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What is an Author in Early Modern Japan? Answers from the Pages of Illustrated Fiction-Lecture by Assistant Prof. David Atherton (Harvard Univ.) 15 JAN

We are pleased to announce that the following lecture will be provided by Assistant Professor David Atherton at Harvard University.


Title: What is an Author in Early Modern Japan? Answers from the Pages of Illustrated Fiction

Date: January 15th (Mon) , 2018

Time: 4:30pm – 6:00pm

Venue: Conference Room 10, Bldg. 33, 16th floor

Toyama Campus, Waseda University

Language: English

Q&A: English and Japanese

No reservation required.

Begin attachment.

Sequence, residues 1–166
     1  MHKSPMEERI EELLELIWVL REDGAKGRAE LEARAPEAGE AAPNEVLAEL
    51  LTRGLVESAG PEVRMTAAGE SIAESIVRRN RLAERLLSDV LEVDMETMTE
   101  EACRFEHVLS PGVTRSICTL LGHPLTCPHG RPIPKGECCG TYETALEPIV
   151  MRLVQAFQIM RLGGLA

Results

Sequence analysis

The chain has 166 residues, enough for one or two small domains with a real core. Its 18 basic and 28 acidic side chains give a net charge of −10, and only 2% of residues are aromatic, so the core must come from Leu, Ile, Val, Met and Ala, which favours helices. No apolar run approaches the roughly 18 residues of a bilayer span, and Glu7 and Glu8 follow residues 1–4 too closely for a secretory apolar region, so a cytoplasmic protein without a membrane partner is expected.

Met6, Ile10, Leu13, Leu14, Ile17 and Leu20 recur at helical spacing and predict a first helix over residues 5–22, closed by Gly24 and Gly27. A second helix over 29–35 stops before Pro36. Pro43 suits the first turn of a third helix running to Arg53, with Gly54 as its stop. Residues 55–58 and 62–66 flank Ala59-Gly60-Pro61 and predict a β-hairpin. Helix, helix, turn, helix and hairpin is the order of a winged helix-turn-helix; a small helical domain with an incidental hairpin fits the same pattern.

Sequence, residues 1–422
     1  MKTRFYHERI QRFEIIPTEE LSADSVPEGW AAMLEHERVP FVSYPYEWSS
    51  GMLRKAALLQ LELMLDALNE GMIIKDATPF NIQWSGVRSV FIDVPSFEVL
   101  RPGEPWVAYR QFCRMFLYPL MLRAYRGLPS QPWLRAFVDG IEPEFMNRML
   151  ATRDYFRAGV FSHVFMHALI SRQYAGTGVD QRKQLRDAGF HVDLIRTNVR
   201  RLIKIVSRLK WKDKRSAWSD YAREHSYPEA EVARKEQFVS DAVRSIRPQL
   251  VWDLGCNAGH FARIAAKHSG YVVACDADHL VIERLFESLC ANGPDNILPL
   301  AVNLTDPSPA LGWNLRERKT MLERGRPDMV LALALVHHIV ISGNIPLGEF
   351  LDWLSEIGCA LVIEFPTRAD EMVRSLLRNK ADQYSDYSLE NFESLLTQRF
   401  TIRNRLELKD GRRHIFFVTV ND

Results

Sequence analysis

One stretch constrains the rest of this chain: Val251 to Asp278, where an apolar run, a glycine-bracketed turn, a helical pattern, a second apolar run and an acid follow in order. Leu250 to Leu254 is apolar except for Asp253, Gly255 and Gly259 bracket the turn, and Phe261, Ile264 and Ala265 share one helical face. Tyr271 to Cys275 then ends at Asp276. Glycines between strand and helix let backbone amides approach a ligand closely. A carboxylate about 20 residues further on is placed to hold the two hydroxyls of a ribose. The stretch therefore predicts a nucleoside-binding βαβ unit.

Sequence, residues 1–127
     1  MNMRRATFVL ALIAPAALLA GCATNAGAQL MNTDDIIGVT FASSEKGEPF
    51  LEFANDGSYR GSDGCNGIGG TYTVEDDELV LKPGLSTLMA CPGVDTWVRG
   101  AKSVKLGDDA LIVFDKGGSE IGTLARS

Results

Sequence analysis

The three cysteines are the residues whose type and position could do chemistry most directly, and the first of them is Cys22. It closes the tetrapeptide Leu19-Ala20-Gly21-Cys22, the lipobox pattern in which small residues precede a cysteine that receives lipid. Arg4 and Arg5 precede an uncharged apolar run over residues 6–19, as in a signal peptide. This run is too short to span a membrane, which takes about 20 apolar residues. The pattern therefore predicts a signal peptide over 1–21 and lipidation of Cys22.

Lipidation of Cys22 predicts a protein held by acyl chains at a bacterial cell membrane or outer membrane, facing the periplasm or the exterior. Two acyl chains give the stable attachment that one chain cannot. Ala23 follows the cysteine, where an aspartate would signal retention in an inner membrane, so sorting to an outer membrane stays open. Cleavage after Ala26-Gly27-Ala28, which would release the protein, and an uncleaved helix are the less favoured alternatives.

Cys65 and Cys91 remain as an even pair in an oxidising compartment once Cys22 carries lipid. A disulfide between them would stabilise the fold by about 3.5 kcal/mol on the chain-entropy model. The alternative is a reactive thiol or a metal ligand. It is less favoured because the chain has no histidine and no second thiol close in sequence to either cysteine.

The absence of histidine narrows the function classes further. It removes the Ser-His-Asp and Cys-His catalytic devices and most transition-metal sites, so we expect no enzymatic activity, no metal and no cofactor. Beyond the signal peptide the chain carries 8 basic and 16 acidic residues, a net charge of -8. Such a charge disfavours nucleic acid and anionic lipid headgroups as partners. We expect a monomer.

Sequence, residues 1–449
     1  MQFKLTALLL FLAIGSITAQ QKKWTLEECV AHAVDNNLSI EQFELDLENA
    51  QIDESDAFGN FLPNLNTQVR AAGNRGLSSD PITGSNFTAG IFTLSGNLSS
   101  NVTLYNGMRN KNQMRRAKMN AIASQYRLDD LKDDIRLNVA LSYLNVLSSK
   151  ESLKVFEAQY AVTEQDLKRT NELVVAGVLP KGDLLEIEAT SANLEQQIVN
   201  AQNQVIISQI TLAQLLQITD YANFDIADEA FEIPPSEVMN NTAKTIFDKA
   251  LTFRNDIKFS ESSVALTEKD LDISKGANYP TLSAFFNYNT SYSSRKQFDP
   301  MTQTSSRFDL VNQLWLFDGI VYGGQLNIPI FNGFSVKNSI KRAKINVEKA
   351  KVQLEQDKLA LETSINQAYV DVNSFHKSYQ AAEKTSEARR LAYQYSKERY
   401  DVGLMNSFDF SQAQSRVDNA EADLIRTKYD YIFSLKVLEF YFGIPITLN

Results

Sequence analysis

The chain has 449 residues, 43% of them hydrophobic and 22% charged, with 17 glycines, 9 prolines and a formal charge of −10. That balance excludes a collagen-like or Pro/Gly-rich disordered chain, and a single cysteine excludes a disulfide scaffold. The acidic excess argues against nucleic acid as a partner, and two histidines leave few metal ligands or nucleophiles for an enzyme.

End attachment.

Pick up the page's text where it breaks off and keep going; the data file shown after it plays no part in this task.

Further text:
Beginning in the 1770s, a new character appeared in the landscape of popular Japanese illustrated fiction (kusazōshi): the author himself, fighting writer’s block, pulling all-nighters, and scrambling to meet deadlines. In these works, the author is the main protagonist, and the plot is his struggle to create the book in the reader’s hands. This talk examines how writers employed the author-as-protagonist to differentiate their creative labor from that of other figures involved in the creation of a book (such as publisher, illustrator, block carver, and printer). In the process, they afford us novel glimpses into the early modern imagination of the creative process itself.

For detail, please refer to the below flyer :

Prof. David Atherton Flyer

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